Printer’s Error: Irreverent Stories from Book History
by Rebecca & J.P. Romney, Read by J.P. Romney
Z4 .R665 2017
New Arrivals Island, 2nd floor
Are you a bookaneer? A book sneak? A book weevil? A book bum? If you purchase used or cheaply bound books or if you liberally lend books, then you, yes, you are guilty of libricide – contributing to the impending demise of the United States publishing industry! Such is the message of the marketing campaign designed by Edward Bernays in 1930 on behalf of the Book Publishers Research Institute in order to combat such odious practices of thrifty readers.
This is one of the many curious episodes that authors Rebecca and J. P. Romney have selected for Printer’s Error, an entertaining history of print as told through some of the more absurd moments in the lives of authors, artists, publishers, and printers.
The Romneys muse over the irony presented by one of Gutenberg’s contemporaries, the Benedictine monk Trithemius’ who authored the work In Praise of Scribes – printed on the printing press, of which he was no fan. Then there was craftsman and artist Cobden Sanderson’s attempt to protect his beloved Doves typeface from the mechanized printing presses of London by dumping it in the Thames by dark of night. And where would the colonies have been without Benjamin Franklin’s forays into printing presses, paper mills, and delivery of news through the early postal service?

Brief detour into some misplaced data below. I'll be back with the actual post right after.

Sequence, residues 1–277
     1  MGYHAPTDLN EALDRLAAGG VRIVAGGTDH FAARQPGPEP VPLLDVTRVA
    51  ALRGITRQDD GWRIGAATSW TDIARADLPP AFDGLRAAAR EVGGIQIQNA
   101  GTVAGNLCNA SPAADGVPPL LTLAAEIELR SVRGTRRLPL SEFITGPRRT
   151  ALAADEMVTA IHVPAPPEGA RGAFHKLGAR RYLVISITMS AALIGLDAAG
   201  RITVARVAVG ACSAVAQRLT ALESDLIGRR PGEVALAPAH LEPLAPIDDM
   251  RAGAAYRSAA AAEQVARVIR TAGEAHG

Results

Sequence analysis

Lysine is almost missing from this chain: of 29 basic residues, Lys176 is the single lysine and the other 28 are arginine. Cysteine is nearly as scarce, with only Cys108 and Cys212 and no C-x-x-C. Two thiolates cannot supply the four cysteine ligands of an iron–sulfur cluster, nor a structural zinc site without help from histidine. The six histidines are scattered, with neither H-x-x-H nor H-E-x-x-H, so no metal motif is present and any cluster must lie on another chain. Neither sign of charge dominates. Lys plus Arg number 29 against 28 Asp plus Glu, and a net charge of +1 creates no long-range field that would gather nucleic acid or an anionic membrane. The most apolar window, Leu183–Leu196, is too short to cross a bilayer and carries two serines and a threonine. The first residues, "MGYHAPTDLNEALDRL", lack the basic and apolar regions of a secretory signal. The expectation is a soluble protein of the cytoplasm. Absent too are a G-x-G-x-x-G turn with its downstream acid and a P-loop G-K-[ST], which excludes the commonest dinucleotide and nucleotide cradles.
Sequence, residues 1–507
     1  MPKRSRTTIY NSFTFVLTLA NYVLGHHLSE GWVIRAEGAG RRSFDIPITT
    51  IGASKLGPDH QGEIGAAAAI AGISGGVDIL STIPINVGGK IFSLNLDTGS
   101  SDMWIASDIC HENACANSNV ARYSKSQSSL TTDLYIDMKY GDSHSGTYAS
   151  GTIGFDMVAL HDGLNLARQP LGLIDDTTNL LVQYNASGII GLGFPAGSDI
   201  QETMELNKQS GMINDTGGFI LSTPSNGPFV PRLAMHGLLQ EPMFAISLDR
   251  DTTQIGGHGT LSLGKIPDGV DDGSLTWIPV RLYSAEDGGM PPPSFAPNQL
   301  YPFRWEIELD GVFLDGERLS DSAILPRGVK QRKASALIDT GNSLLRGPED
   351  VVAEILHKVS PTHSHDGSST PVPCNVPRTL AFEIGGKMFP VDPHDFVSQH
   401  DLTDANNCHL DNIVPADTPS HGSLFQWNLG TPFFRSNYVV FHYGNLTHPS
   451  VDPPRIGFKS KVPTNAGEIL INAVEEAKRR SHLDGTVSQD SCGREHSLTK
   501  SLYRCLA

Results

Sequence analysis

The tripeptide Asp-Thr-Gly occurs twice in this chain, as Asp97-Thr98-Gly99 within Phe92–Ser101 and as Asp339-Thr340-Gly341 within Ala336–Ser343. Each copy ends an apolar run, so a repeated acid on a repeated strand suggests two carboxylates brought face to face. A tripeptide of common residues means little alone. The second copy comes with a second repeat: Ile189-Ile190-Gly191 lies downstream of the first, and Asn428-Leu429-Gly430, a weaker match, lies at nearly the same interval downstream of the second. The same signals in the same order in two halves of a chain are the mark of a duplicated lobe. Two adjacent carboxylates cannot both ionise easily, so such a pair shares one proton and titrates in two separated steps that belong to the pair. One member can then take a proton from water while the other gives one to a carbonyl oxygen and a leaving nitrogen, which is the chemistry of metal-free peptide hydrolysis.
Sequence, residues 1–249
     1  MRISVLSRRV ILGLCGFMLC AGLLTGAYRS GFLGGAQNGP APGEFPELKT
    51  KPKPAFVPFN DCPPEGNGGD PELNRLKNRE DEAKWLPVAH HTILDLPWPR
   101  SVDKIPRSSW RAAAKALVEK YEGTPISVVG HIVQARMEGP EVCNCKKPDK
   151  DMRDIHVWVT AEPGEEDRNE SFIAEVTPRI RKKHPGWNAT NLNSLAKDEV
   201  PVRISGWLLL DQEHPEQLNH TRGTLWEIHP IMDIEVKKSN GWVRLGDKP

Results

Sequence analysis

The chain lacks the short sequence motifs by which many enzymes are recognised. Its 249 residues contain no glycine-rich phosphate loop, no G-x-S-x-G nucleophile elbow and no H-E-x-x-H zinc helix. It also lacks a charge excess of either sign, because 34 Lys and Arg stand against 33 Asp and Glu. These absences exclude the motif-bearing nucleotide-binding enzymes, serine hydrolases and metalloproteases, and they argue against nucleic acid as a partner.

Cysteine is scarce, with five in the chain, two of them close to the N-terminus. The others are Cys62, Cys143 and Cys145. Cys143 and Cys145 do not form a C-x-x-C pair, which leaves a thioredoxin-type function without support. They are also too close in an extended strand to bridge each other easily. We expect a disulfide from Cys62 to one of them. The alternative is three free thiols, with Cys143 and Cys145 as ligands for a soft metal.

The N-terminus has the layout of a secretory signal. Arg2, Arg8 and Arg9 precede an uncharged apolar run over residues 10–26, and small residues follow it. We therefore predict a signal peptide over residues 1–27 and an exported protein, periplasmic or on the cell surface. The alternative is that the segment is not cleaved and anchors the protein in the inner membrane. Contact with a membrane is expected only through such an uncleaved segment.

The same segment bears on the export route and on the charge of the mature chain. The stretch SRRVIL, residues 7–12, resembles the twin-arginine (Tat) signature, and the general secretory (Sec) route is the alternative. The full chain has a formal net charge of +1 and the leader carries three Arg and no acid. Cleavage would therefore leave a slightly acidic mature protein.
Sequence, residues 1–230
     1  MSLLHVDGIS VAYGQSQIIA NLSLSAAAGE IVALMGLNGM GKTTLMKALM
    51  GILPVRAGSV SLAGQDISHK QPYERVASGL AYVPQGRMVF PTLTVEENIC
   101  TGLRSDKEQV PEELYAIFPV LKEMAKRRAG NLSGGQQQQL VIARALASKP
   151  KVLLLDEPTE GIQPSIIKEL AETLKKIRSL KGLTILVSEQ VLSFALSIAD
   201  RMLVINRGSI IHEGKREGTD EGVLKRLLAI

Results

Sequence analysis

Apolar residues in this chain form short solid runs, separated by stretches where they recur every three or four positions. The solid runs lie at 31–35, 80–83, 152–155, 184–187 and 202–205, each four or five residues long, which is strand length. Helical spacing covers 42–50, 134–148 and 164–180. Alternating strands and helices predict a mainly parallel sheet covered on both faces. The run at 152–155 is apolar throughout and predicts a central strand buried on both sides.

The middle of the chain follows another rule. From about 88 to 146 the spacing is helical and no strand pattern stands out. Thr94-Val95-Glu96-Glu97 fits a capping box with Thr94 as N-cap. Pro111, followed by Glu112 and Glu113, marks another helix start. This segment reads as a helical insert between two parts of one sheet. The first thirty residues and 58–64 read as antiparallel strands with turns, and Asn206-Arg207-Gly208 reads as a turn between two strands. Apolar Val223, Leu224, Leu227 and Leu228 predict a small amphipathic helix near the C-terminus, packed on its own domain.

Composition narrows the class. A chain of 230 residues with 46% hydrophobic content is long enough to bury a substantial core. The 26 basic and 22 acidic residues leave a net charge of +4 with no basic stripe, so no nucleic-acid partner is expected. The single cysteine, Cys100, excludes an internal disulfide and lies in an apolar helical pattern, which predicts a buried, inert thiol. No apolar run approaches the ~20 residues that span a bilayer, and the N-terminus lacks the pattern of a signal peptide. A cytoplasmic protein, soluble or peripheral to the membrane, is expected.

The Romneys’ conversational writing style is unexpected for nonfiction, but translates well to audio format. It is no surprise that author J. P. Romney performs his own lively, engaging narration, given his work on History channel’s Pawn Stars. Nonetheless, there are a few points at which literary choices are chafing enough to momentarily distract from the overall entertaining style and content. For example, they express their frustration with Gutenberg’s elusive connection to his printing press by saying, “All this could have been avoided if Gutenberg had just printed his motherfucking name on his motherfucking books!”
If the story of the curious incident of the dumped typeface at midnight intrigues, try Type: The Secret History of Letters by Simon Loxley
Learn more about Edward Bernays’ publicity campaign for the Book Publishers Research Institute the Book History journal article, “Book Propaganda: Edward L. Bernays’s 1930 Campaign Against Dollar Books.”